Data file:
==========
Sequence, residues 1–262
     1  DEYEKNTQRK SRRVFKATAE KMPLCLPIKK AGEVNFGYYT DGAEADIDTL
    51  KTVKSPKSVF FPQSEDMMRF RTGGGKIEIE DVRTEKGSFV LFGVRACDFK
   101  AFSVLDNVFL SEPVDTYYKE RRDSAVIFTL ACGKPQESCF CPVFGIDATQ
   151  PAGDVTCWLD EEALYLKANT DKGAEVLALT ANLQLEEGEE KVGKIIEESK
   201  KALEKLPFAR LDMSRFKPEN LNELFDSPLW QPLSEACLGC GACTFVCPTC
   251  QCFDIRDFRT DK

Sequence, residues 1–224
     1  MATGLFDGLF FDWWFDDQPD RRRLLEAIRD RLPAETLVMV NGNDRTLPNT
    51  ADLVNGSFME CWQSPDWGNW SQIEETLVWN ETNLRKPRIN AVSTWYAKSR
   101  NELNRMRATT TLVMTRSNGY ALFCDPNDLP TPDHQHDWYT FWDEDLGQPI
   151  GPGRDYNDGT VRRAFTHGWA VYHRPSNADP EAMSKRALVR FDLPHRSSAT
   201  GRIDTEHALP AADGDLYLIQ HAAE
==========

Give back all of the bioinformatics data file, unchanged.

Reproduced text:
Sequence, residues 1–262
     1  DEYEKNTQRK SRRVFKATAE KMPLCLPIKK AGEVNFGYYT DGAEADIDTL
    51  KTVKSPKSVF FPQSEDMMRF RTGGGKIEIE DVRTEKGSFV LFGVRACDFK
   101  AFSVLDNVFL SEPVDTYYKE RRDSAVIFTL ACGKPQESCF CPVFGIDATQ
   151  PAGDVTCWLD EEALYLKANT DKGAEVLALT ANLQLEEGEE KVGKIIEESK
   201  KALEKLPFAR LDMSRFKPEN LNELFDSPLW QPLSEACLGC GACTFVCPTC
   251  QCFDIRDFRT DK

Sequence, residues 1–224
     1  MATGLFDGLF FDWWFDDQPD RRRLLEAIRD RLPAETLVMV NGNDRTLPNT
    51  ADLVNGSFME CWQSPDWGNW SQIEETLVWN ETNLRKPRIN AVSTWYAKSR
   101  NELNRMRATT TLVMTRSNGY ALFCDPNDLP TPDHQHDWYT FWDEDLGQPI
   151  GPGRDYNDGT VRRAFTHGWA VYHRPSNADP EAMSKRALVR FDLPHRSSAT
   201  GRIDTEHALP AADGDLYLIQ HAAE